Authoritarian development is also a pragmatic tragedy. History and modern experience suggest that free individuals with political and economic rights—call it free development—make up a remarkably successful problem-solving system. Free development gives us the right to choose amongst a myriad of spontaneous problem-solvers, rewarding those that solve our problems. These public and private problem-solvers accomplish far more than dictators who implement solutions provided by experts. We will see how free development allows the squeaky wheel to get the grease, while authoritarian development silences the squeaky wheel—perhaps with a police raid and a prison term.
The technocratic illusion is that poverty results from a shortage of expertise, whereas poverty is really about a shortage of rights. The emphasis on the problem of expertise makes the problem of rights worse. The technical problems of the poor (and the absence of technical solutions for those problems) are a symptom of poverty, not a cause of poverty. This book argues that the cause of poverty is the absence of political and economic rights, the absence of a free political and economic system that would find the technical solutions to the poor’s problems. The dictator whom the experts expect will accomplish the technical fixes to technical problems is not the solution; he is the problem.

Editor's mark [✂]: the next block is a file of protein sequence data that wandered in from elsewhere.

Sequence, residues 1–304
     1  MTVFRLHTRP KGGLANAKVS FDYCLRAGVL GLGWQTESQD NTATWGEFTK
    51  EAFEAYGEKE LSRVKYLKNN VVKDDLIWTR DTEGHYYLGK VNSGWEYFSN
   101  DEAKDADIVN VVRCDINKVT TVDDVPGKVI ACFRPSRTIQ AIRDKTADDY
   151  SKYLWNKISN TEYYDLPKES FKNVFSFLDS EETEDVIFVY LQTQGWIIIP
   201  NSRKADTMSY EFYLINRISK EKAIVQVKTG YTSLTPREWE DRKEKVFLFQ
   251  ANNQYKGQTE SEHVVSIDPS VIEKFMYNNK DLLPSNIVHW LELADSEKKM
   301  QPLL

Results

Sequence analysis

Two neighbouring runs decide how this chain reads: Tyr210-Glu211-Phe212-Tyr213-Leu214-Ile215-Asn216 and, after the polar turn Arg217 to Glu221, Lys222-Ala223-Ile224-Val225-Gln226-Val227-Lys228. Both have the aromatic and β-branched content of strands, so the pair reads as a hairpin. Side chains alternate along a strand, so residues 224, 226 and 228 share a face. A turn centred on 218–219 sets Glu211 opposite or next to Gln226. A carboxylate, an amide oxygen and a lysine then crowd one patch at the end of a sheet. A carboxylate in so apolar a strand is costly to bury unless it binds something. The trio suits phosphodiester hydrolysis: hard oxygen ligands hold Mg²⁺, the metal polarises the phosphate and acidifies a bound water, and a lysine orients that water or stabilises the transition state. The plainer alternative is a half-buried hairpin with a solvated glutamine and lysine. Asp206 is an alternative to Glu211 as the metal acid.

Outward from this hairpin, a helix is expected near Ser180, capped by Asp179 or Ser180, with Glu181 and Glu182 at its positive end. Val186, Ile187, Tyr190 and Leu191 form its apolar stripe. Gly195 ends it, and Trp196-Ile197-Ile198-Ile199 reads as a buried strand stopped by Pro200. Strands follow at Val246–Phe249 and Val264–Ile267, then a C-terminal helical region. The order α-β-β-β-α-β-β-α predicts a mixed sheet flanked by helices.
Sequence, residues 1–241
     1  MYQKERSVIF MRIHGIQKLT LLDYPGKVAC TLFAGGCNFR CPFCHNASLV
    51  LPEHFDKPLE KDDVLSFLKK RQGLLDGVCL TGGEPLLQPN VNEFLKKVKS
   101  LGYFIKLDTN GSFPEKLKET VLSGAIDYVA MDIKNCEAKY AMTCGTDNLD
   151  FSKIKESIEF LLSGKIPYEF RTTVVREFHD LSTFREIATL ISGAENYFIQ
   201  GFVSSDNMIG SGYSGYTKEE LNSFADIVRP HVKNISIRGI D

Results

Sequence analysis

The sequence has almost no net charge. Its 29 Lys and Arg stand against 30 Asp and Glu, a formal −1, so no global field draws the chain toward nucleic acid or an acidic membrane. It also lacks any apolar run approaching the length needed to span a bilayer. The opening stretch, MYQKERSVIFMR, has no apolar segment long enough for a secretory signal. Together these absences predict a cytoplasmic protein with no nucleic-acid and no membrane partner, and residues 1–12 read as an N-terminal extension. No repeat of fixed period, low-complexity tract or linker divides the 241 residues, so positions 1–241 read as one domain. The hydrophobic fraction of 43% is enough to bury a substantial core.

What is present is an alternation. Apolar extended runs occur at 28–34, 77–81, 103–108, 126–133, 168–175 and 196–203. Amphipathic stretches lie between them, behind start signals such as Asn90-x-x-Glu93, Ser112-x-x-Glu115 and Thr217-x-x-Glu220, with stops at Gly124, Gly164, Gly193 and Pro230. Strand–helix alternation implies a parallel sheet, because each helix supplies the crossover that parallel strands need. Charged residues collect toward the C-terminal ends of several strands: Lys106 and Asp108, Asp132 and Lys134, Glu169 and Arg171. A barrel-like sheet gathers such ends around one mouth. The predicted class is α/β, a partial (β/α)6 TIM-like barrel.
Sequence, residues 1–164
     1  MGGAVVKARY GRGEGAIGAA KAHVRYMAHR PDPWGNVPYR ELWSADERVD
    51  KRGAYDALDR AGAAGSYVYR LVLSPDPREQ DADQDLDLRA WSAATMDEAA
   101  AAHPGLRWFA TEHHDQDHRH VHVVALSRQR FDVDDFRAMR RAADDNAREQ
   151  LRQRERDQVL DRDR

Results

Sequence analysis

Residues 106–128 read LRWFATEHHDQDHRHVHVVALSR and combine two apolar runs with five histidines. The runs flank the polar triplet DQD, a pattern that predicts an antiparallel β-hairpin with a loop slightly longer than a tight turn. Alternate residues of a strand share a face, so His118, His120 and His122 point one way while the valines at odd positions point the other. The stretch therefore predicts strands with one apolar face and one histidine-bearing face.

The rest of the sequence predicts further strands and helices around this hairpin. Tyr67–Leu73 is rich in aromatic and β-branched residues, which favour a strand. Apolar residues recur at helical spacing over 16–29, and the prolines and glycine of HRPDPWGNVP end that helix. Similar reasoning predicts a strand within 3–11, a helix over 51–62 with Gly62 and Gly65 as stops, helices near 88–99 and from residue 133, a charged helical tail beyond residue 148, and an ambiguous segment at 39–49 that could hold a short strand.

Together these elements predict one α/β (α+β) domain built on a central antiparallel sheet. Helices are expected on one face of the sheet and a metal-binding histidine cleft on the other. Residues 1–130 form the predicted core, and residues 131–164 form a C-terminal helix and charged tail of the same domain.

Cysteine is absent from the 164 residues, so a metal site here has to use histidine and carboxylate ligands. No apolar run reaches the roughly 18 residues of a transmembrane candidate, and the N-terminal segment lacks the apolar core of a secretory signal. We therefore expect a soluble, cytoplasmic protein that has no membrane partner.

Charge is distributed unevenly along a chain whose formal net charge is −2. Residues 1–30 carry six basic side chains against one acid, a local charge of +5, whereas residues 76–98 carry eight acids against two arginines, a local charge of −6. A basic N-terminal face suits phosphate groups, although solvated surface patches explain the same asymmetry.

I have made clear the position this book argues. But this position could be completely wrong—that’s why it will take a whole book to consider whether morality, theory, and evidence does or does not show a Tyranny of Experts.
Those who support autocrats in development do not see autocracy as an end in itself. They genuinely believe autocrats would deliver the escape from poverty faster than free systems will. They believe the experts advising the autocrats know better than poor individuals how to solve their problems. They could be right—after all, there are some development success stories that happen in the absence of individual rights, and many individual efforts do fail (among both rich and poor). The pragmatic case for free rather than autocratic development often goes against our intuitions.
A common concept among development observers over many decades is that of the “benevolent autocrat.” According to this concept, the leader may have unconstrained power, but his intentions concerning what to do with that power are presumed to be good. He (and most autocrats are indeed male) just needs expert advice to accomplish good things. When good things do in fact happen to a country governed by an autocrat—such as high economic growth or rapid health improvements—the credit for these good things goes to the autocrat. The good outcomes are thereby taken as de facto evidence of the benevolence of the autocrat. These propositions could be correct—maybe it really does take autocrats to get things done, to avoid democratic stalemates—but they should at least be debated. This book will have that debate.
The support for an authoritarian approach to development is sometimes not overt but implied. It is often altruistic rather than self-serving. Support for autocrats is unintentional more often than it is intentional. There is no conspiracy against rights. I can sympathize with economists who, in their zeal to help the world’s poor, unwittingly favor autocracy, because for a long time I was one of them myself.